Chicago Convention A Great Event
by Miriam Lasker
The annual meeting of the Illinois chapter of the Multiple Birth Association
was another eagerly anticipated and much-enjoyed event.
Almost 500 parents of twins, triplets, quadruplets and even-more-plets gathered together at
the Hilton Hotel in downtown Chicago for three days of information, support
Dr. Brenda Patterson, president of the Illinois chapter (and a
mother of triplets to boot) opened the proceedings on Friday afternoon
with a welcoming speech and new information on the psychology of
multiple births babies. The speech was fascinating and Twin Life hopes to
have a copy of her talk in an upcoming issue.
During the next few days, there were several booths and workshops that
covered such topics as multiple birth complications, fertility drugs,
school issues and adolescent problems. The vendors were, as always, a
welcome addition to the convention. Many attendees left with great bargains
on strollers, clothing and toys, designed with the multiple birth child
A moonlight cruise on Lake Michigan, along the Chicago shoreline was provided
on Saturday night. While I'm not a big fan of big cities, I greatly enjoyed
the view of Chicago at night. Not at all the impression one gets from reading
The convention broke up on Sunday morning. We all left happy, refreshed
and exhilarated, having spent a great time with old friends and made new ones.
See you at Next Year's Convention in Joliet!
How Common Are Twins?
Twin pregnancies are either fraternal or identical. Fraternal twins share the
same womb, but come from different ovum. Genetically, fraternal twins are
as alike as any pair of siblings. Identical twins on the other hand, come
from the same fertilized ovum and therefore share the same genetic makeup.
The ratio of fraternal twin to single births varies from country to country.
The highest incidence occurs in the Yoruba tribe of Nigeria where 46 of
every 1000 pregancies involves fraternal twins. The lowest is in Japan,
where the incidence of fraternal twinning is 4 per 1000. America and other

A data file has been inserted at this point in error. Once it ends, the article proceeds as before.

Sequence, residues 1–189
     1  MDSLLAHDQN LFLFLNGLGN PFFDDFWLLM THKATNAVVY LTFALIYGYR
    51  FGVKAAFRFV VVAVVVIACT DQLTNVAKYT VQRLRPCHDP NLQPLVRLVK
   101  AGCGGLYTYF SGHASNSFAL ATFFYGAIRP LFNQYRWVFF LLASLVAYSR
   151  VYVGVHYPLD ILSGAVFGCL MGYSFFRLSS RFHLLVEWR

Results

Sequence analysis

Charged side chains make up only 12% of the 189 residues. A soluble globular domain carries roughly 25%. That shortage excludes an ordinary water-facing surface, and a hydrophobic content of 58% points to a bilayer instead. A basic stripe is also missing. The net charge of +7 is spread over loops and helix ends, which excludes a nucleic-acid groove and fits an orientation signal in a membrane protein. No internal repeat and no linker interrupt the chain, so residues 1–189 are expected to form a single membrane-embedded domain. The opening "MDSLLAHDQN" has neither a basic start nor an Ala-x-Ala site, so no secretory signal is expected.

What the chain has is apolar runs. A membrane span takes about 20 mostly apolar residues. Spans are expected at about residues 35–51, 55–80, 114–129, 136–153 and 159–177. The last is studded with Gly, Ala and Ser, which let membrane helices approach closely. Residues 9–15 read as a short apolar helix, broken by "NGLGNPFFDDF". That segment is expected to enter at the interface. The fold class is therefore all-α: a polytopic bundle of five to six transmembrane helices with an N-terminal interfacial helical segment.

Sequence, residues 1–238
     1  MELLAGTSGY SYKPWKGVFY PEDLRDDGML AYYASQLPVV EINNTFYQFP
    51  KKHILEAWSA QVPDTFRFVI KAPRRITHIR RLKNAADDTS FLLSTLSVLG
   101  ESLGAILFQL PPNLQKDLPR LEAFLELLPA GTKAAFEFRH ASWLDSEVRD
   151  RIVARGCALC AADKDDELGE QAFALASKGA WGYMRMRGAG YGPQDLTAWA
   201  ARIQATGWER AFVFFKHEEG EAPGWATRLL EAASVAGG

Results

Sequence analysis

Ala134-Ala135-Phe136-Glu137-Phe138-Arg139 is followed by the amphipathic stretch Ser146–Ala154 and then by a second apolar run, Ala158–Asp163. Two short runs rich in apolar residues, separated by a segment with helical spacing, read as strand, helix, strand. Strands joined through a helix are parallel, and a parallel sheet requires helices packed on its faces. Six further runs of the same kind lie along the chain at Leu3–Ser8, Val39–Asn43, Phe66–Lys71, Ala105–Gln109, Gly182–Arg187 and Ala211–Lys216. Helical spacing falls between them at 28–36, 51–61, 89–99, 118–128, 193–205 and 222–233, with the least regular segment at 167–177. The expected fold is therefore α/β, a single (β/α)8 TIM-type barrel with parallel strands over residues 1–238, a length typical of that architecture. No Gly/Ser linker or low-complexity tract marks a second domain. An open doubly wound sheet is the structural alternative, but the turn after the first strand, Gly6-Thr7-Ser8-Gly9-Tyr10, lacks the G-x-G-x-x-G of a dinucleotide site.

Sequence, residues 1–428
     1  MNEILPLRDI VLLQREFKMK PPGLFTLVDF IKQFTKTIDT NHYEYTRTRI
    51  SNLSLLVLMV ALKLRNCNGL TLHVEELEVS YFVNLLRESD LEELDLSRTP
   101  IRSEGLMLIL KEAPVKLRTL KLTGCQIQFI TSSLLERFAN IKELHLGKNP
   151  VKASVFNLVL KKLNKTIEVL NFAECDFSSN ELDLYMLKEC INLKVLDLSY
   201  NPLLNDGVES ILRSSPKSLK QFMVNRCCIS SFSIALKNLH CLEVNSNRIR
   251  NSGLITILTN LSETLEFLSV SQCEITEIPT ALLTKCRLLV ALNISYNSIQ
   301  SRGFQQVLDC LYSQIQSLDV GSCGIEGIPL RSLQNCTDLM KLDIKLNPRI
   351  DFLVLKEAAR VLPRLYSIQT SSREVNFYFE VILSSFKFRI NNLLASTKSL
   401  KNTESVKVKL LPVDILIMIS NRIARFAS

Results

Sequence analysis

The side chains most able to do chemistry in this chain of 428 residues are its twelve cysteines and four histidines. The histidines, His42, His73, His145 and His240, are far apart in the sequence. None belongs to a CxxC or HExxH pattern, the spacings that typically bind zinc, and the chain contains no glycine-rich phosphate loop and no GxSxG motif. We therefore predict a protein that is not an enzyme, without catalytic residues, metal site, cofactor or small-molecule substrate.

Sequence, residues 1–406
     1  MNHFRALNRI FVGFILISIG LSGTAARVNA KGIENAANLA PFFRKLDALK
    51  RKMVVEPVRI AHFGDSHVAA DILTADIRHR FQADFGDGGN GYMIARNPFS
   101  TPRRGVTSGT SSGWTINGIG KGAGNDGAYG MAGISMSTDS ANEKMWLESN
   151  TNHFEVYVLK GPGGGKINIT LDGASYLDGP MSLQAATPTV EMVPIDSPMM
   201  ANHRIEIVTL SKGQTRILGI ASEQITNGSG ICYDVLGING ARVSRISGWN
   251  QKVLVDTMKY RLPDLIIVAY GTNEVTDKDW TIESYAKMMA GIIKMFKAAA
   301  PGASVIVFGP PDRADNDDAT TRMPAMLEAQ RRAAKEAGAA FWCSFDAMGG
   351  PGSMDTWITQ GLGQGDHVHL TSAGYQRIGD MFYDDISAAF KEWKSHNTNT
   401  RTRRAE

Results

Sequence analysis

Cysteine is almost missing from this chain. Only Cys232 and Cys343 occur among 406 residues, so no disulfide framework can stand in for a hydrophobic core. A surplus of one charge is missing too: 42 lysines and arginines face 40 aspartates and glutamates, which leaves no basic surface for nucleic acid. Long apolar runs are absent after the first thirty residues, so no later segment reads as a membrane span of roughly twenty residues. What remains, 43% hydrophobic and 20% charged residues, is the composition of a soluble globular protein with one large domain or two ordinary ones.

European countries have about the same rate of 11 to 12 per 1000 births.
The ratio of identical twin to single births is constant across countries
and nationalities. About 3 out of every 1000 births involves identical twins.
Scientists don't know why some pregancies involve identical twins and
others do not, but it seems to be independent of such issues as heredity
Multiple Births on the Increase
Incidences of multiple birth pregnancies have increased by 8% in the
past 10 years. The increase has been attributed to later pregnancies
by working mothers, which are more likely to result in twin births and
the increased use of fertility drugs. "Twins and even triplet births
are much more common these days, " says nurse Denise Schoeder of St.
Judes hospital in Beaverton, Illinois. "Fortunately we are much better
equipped to handle the special complications that arise with these
type of pregnancies than we were, even five years ago." Statistics
bear this out. Complications resulting from low birthweight babies
(a common occurence with multiple births) are down 25% in the past ten
In Dade County, Florida, two quadruplets have been born in the past
18 months. "I think we'll need to increase the size of our marternity
ward if this keeps up," says Dr. Lawrence Jacobs of Miami Community
Sociologists worry about the effect of these multiple births on families
and parents. "Parents usually prepare for a single child. When they're
suddenly faced with a larger family than expected, it can cause stress
and tension." reports a study recently published in the American Journal
of Family Sociology.
Nonetheless, parents seem to recover from the surprise. "There's an
initial shock," reports Schoeder, "but after they get over that, parents
are usually very pleased. In fact, they begin to see the humor in the
situation. I think we tend to underestimate the coping abilities of